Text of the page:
Finally, sex differences were found when considering the whole sample, as males were characterized by higher handgrip strength (p < 0.001, Cohen’s d = 1.066); RF Tm (p < 0.001, Cohen’s d = 0.952); VL Lf (p < 0.001, Cohen’s d = 0.875) and Tm (p = 0.041, Cohen’s d = 0.492); TA area (p < 0.001, Cohen’s d = 0.771); FA Tm (p < 0.001, Cohen’s d = 1.062); and circumference of the arm (p = 0.008, Cohen’s d = 0.637), leg (p = 0.009, Cohen’s d = 0.591) and forearm (p < 0.001, Cohen’s d = 0.976). However, no significant differences were present for USI, MNA, and ADL.

4. Discussion

It is commonly accepted that the traditional gold standard methods for assessing muscle mass are MRI, computed tomography (CT), and DXA [1]. However, they have been reported to be often infeasible due to their limited availability and high costs, especially in orthopedic settings and in cases of prior surgery for femur fracture [28]. For these reasons, the use of ultrasound has recently been recommended for assessing muscle quantity and quality in the absence of other investigative methods, due to its good correlation with other imaging techniques and its easy applicability in the clinical setting [28]. It does not involve radiation exposure, does not require long measurement times, and can be performed at the patient’s bedside.
In particular, regarding the USI, the fundamental advantage of using a ratio (Lf/Tm), rather than absolute measures of muscle cross-sectional area or muscle mass/volume, is that it makes the measurement independent of sex, body mass, and height [16]. This new biomarker is based on a change in muscle geometric proportions due to a greater decrease in Tm than in Lf and enables us to obtain an objective diagnosis of muscle atrophy, which is essential for the classification of sarcopenia [16]. The prevalence of sarcopenia in our study (37.3%) was in line with the values found by Narici et al. (37.5%) [16] and Rustani et al. (38.7%) [8], thus confirming the similarities in our study’s population. In our study, the observed USI values were comparable to those reported in the study by Narici et al. [16], despite considering only two patient subgroups (IW and WA), as opposed to the three categories (moderately active—MAE; sedentary—SE; mobility impaired elderly—MIE) in their study. Narici et al. obtained their Z-score of the USI values by comparing the USI values of the elderly population with a young control group (30 males and 30 females all between 19 and 32 years old) [16]. We calculated the Z-score utilizing the same “control group” that Narici et al. used for their study to provide comparable findings. The WA group from this study could be considered as a combination of the subgroups labeled SE and MIE. Indeed, the WA group had a mean z-score of 3.4 ± 5.3 (compared to 2.51 of the SE group and 4.96 of the MIE group in Narici et al.’s study). In contrast, the IW group presented a z-score of 1.4 ± 2.8, which was in line with MAE. Several studies have pointed out that it is possible to assess muscle mass by performing ultrasound measurements of certain muscles, such as the RF, VL, TA, and forearm. Rustani et al.’s study proposed cutoffs for diagnosing sarcopenia based on RF Tm measured by US: 0.7 cm for females and 0.9 for males [8]. In the IW group (pre-sarcopenic according to USI), RF Tm was 0.75 ± 0.24 cm in females and 0.97 ± 0.29 cm in males, which is in line with the proposed cut-offs (>0.7 cm in females and >0.9 cm in males), whereas in the WA group (sarcopenic according to USI), RF Tm was 0.60 ± 0.21 cm in females and 0.82 ± 0.36 cm in males (<0.7 cm in females and <0.9 cm in males).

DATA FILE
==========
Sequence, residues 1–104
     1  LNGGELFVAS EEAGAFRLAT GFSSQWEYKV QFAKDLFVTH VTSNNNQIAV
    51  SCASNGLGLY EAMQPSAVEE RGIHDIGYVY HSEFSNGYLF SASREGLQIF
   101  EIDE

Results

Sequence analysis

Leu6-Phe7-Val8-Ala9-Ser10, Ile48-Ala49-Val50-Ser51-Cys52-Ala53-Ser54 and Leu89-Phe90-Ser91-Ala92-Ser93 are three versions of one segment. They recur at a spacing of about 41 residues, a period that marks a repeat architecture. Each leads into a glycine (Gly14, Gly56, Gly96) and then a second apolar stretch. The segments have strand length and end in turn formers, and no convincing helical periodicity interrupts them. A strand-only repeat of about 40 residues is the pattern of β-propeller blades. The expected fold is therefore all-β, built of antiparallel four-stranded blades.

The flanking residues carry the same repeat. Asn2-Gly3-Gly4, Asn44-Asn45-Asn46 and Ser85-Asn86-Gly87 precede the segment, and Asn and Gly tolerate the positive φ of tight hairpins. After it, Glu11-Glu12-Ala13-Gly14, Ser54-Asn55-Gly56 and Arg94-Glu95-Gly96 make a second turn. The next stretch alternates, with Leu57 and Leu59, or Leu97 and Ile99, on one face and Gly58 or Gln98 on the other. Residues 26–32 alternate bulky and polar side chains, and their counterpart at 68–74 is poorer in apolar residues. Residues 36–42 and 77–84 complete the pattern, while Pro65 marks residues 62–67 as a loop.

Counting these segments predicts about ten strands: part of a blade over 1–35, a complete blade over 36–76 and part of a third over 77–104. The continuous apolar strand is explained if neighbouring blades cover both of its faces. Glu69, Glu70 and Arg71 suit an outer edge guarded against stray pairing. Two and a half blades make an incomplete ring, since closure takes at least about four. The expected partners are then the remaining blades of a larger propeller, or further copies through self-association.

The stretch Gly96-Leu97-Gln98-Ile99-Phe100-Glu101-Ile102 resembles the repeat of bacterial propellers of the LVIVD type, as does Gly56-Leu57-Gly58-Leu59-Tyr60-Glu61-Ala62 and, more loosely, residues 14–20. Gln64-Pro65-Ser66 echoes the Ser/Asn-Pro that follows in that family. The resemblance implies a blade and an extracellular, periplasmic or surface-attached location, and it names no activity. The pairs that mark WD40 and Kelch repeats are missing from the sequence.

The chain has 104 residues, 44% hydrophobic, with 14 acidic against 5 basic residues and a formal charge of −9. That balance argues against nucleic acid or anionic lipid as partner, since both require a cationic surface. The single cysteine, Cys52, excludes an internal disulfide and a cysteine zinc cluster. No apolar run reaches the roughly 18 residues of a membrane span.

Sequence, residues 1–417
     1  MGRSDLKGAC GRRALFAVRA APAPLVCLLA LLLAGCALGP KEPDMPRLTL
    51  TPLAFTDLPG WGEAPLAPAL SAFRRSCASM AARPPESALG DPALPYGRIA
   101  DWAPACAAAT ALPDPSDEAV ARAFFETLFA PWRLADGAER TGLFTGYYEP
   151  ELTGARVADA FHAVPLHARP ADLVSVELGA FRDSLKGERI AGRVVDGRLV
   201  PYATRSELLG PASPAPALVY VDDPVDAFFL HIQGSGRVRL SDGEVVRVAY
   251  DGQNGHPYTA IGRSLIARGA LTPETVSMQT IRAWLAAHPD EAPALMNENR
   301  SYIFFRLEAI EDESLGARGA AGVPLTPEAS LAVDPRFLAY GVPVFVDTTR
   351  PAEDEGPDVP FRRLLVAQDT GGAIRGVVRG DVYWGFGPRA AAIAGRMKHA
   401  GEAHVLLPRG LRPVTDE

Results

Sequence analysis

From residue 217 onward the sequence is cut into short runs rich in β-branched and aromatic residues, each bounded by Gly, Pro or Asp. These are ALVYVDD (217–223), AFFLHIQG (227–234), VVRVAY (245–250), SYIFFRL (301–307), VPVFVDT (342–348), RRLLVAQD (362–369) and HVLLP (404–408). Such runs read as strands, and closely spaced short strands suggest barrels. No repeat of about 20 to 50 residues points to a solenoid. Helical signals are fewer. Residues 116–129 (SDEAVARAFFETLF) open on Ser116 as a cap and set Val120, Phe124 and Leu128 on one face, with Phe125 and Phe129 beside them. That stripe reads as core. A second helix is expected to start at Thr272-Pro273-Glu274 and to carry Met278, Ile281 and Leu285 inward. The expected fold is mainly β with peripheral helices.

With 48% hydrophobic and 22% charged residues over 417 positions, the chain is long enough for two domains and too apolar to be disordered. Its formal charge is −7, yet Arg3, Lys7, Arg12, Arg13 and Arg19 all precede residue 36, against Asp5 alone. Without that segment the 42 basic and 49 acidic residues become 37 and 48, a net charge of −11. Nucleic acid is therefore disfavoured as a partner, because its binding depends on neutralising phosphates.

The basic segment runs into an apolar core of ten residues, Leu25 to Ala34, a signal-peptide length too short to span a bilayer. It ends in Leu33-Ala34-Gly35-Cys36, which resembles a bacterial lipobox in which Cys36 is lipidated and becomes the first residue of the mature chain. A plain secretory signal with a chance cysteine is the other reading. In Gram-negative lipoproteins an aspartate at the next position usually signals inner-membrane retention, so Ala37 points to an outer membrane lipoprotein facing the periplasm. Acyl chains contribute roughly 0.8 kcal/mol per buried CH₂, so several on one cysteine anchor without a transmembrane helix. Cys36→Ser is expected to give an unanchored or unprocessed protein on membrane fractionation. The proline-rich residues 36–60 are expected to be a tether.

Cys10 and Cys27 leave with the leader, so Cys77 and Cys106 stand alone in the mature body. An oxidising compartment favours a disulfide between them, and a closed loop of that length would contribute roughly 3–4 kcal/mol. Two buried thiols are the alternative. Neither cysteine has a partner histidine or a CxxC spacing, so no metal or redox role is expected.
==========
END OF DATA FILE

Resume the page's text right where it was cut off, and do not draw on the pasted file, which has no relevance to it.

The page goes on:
Our results showed a significant correlation between USI and the VL thickness, but not with the fascicle length. If changes in muscle architecture were to scale harmonically with the decrease in muscle volume due to sarcopenia, one would expect the ratio of Lf to Tm to remain constant. This mirrors what was reported in previous studies [4,16]. Even though Lf decreases with age, this effect should be limited by the proximal and distal tendon insertions into bone [4]. For this reason, muscle mass reduction with aging is more related to a decrease in Tm than in Lf, which was confirmed as with an increase in the degree of sarcopenia, the decrease in Tm exceeded that in Lf [16]. Our study also revealed a statistically significant correlation between the Ultrasound Sarcopenia Index (USI) and patient autonomy before trauma, assessed both by the activity of daily living (ADL) scale and by ambulation status with (WA) or without (IW) the use of aids. In addition to this, a correlation was found with the MNA. Nutrition, in particular, is in line with studies in literature suggesting that the MNA score was significantly associated with diagnosed sarcopenia and severe sarcopenia among elderly outpatients of community hospitals [29], as well as with the study by Liguori et al. in which the MNA score was significantly lower in subjects with sarcopenia than in those without sarcopenia and the MNA score progressively decreased as muscle mass and strength reduced [30].
A noteworthy correlation was found between USI and forearm thickness and between USI and TA muscle. Regarding the TA, a significant correlation between the USI and the area of the tibialis anterior muscle was found, but a significant correlation was not found with the thickness of the tibialis anterior muscle, which is instead one of the criteria that is frequently considered in studies in the literature [24,25,28]. In addition, anthropometric measurements, in particular, calf circumference, are markers frequently used as primary screening markers for sarcopenia, in the absence of more sophisticated diagnostic methods [1]. Nevertheless, in our study, there was a significant correlation between USI and limb circumferences (forearm, arm, thigh, leg).